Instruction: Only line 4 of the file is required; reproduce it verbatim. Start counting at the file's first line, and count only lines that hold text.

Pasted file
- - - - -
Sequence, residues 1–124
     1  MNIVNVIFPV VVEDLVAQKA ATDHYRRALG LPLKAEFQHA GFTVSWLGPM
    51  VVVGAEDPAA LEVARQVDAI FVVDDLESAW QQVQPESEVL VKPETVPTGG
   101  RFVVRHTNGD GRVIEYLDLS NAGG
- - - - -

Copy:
   101  RFVVRHTNGD GRVIEYLDLS NAGG